C++ embedded scripting: ChaiScript recipes

07 Jul 2015
Currently there are several options for embedding scripting into your C++ application. Among the most well-known, from my experience, are Lua, AngelScript and the recent addition - ChaiScript. I’ve been evaluating these languages for some time recently and my main impressions are:
  • Lua has many binding libraries, but very few of them support smart pointers and std containers like std::string at the same time (a must-have I think). Many of them are abandoned, even the most well-known LubBind (sadly). Some libraries require Boost to compile, which might not be an option for some projects. Some libraries don’t compile in MSVS 2013 (even with November CTP) due to the extensive use of C++11/14. Others have poor documentation… I personally can recommend luawrapper because it has one of the richest feature sets and a fairly good documentation. Unfortunately it requires Boost and compiles in MSVS 2013 Nov CTP only after some modifications (removing constexpr and ref-value qualifiers).
  • AngelScript has a built-in mechanism for embedding into C++ programs, but it looks bulky and (probably - not sure) you have to register smart pointers manually in order to use them. Overall, the syntax leaves you with many ways to make a mistake in your bindings.
  • ChaiScript is a header-only engine (!), heavily template-based and increases the compilation time/binary size significantly. It is, however, designed for embedded into C++ programs and thus provides a very straightforward and transparent way of doing this. Most of the time you understand what’s going on and why. The language syntax looks like a mix of JavaScript and C++.
If you are reading this article chances are you’re deciding between those three languages, or have already chosen ChaiScript, but can’t find some necessary information in the official documentation. In this (updateable) post I’ll gather a few ChaiScript tips and code snippets that were most difficult for me to discover. They come either from long series of experiments or from the official forum and careful reading of examples and tests. This article assumes that you have already read the documentation, looked through the cheat sheet, samples and unit tests.
Bootstrapping a project (for impatient):
#include <chaiscript.hpp>
#include <chaiscript_stdlib.hpp>

int main()
{
    chaiscript::ChaiScript engine(chaiscript::Std_Lib::library());
    // ... register API for your scripts
    engine.eval_file("script.chai");
    return 0;
}
Attaching C++ function to a script object:
// Host program

void logMsg(chaiscript::Boxed_Value& obj, const std::string& s)
{
    std::cout << s << std::endl;
}

// ...

engine.add(chaiscript::fun(&logMsg), "log");

// Script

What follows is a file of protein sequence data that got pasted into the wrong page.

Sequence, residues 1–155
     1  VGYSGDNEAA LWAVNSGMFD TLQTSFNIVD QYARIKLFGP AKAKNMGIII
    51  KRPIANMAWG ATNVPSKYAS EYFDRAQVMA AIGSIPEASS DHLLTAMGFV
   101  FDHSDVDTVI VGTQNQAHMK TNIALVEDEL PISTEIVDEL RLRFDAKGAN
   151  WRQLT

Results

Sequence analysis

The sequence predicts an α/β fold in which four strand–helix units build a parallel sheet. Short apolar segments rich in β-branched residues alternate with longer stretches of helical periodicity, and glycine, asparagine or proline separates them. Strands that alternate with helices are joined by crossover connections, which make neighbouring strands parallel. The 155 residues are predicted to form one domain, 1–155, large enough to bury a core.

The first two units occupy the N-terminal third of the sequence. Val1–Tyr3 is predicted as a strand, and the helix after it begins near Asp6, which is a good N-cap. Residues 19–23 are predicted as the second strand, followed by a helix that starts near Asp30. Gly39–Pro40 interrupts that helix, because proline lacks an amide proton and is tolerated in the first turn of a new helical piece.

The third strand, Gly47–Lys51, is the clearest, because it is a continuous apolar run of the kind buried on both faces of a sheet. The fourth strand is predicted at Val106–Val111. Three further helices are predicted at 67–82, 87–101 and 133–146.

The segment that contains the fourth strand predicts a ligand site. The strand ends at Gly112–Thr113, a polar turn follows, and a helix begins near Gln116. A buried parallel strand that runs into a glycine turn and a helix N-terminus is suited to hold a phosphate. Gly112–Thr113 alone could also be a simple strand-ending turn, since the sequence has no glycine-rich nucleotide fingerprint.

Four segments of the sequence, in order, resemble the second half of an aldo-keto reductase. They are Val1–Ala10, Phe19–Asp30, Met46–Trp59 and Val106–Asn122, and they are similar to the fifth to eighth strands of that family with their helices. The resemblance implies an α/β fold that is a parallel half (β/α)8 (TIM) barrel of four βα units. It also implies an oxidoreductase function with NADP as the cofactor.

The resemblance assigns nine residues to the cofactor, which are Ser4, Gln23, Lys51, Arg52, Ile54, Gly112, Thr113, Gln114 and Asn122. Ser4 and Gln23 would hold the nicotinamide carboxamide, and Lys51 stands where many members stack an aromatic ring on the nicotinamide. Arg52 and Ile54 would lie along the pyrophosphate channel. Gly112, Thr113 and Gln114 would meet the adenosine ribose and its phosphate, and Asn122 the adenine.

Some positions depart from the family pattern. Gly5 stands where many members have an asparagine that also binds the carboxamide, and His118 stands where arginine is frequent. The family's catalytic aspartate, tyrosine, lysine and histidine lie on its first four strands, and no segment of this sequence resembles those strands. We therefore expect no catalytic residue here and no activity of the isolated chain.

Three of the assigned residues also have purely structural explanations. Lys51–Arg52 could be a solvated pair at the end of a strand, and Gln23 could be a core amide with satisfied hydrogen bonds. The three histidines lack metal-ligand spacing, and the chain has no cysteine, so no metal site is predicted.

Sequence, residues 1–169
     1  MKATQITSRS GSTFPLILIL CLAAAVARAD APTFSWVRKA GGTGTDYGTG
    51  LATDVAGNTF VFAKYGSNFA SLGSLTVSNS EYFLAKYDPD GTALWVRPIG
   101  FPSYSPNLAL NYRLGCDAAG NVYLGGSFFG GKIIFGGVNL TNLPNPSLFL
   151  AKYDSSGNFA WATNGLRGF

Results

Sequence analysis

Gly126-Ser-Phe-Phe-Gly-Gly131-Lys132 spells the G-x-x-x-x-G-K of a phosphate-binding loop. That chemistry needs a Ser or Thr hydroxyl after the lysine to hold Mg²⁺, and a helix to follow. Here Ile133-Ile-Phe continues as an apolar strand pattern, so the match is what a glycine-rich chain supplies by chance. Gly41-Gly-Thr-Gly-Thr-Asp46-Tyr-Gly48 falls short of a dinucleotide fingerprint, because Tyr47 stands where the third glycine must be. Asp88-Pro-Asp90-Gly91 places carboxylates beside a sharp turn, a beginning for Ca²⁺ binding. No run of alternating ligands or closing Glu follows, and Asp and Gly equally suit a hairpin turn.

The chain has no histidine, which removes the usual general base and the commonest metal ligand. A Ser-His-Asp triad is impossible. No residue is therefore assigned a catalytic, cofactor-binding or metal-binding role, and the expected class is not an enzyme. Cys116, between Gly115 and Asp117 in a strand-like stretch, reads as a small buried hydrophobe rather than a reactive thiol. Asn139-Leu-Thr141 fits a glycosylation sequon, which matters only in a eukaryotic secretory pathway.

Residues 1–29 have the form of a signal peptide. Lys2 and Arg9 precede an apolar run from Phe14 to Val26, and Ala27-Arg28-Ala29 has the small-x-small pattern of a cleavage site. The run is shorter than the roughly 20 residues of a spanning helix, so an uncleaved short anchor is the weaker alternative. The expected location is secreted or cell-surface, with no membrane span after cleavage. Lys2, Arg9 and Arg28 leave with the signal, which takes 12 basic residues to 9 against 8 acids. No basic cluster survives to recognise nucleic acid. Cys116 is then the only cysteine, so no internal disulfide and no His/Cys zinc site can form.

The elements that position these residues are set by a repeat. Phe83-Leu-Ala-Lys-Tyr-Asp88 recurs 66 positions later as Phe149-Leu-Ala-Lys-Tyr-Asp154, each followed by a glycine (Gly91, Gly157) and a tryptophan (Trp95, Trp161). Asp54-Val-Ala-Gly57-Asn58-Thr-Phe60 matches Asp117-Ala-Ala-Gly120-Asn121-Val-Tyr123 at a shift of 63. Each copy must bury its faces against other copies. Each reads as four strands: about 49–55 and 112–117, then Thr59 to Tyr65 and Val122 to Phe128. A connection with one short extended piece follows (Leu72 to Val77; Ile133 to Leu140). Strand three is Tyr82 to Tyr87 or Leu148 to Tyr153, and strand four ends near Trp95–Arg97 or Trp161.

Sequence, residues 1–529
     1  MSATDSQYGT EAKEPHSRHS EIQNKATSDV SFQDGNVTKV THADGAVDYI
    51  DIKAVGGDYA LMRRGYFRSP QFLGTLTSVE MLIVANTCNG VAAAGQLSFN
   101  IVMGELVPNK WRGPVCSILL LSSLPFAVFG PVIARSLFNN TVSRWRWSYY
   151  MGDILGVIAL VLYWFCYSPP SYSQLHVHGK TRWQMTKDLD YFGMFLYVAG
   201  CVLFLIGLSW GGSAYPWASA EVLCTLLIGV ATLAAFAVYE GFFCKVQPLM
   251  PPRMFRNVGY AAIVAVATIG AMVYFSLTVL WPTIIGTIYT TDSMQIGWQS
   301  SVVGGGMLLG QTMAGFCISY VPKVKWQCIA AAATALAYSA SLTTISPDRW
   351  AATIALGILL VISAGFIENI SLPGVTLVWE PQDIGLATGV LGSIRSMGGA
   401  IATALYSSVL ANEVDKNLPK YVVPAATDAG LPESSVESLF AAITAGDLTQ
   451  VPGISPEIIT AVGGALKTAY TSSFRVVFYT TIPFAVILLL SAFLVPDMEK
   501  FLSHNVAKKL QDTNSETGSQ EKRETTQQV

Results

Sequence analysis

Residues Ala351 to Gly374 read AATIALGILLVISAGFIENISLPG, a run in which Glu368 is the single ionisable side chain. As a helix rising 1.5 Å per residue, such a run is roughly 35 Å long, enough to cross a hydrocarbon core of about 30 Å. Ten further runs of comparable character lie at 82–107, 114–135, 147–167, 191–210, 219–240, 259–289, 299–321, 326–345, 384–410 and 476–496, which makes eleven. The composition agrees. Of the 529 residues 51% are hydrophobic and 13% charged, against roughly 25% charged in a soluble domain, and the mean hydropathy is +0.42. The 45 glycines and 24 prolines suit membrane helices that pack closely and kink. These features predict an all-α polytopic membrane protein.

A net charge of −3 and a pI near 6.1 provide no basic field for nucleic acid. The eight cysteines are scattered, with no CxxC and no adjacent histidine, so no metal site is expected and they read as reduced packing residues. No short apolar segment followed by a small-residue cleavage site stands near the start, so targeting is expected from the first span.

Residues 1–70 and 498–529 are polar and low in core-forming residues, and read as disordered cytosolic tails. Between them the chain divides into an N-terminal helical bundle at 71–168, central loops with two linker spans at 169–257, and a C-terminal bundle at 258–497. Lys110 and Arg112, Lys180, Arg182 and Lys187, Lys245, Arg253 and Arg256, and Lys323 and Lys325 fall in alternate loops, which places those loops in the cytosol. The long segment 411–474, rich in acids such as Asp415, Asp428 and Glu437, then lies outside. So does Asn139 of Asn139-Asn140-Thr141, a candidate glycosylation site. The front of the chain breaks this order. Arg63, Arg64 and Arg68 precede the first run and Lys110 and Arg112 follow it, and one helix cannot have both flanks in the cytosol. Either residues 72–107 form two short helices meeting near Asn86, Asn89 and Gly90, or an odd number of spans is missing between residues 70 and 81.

class Test
{
    def Test() {}
}

var t := create("Test");
t.log("abc");

// Output

abc
Inheritance, shared_ptr to base class, polymorphic function call:
// Host program

struct Base
{
    virtual ~Base() {} // ChaiScript requires classes to be polymorphic for inheritance to work
};

struct A: Base
{
    void func()
    {
        LOG("A::func");
    }
};

struct B: Base
{
    void func()
    {
        LOG("B::func");
    }
};

// Yes, you can pass shared_ptr to your script
std::shared_ptr<Base> getSmth(const std::string& name)
{
    if (name == "A")
        return std::make_shared<A>();
    if (name == "B")
        return std::make_shared<B>();
    return nullptr;
}

// ...

engine.add(chaiscript::user_type<Base>(), "Base");
engine.add(chaiscript::user_type<A>(), "A");
engine.add(chaiscript::user_type<B>(), "B");
engine.add(chaiscript::base_class<Base, A>());
engine.add(chaiscript::base_class<Base, B>());
engine.add(chaiscript::fun(&A::func), "func");
engine.add(chaiscript::fun(&B::func), "func");
engine.add(chaiscript::fun(&getSmth), "getSmth");


// Script

var a = getSmth("A");
a.func();

var b = getSmth("B");
b.func();

// Output

A::func
B::func
Creating script object from C++, storing it, calling its functions, passing it back to script:
// Host program

chaiscript::Boxed_Value obj;

chaiscript::Boxed_Value& create(const std::string& className)
{
    obj = engine.eval<chaiscript::Boxed_Value>(className + "()");
    return obj;
}

void callFunc()
{
    // Member functions require an implicit first parameter - pointer to the object
    auto func = engine.eval<std::function<void(chaiscript::Boxed_Value&)>>("func");
    func(obj);
}

//...

engine.add(chaiscript::fun(&create), "create");
engine.add(chaiscript::fun(&callFunc), "callFunc");


// Script

class Test
{
    var id;

    def Test()
    {
        this.id = 0;
    }

    def func()
    {
        print(this.id);
    }
}

// ":=" here is important. If it were "=", ChaiScript would create a deep copy
// and you'll end up having two copies of Test object
var t := create("Test");
t.id = 100500;
t.func();
callFunc();

// Output

100500
100500
Return any object from C++ function to ChaiScript:
// Use Boxed_Value as return value
chaiscript::Boxed_Value func(const std::string& token)
{
    if (token == "Foo")
        return chaiscript::Boxed_Value(std::make_shared<Test>());
    if (token == "Bar")
        return chaiscript::Boxed_Value(std::string("Hello, world!"));
    // .. and so on
    return chaiscript::Boxed_Value(123);
}

// Register function as normal
script.add(chaiscript::fun(&func), "func");
That's it. I hope these recipes saved you some time.
© 2014-2017 Aleksey Fedotov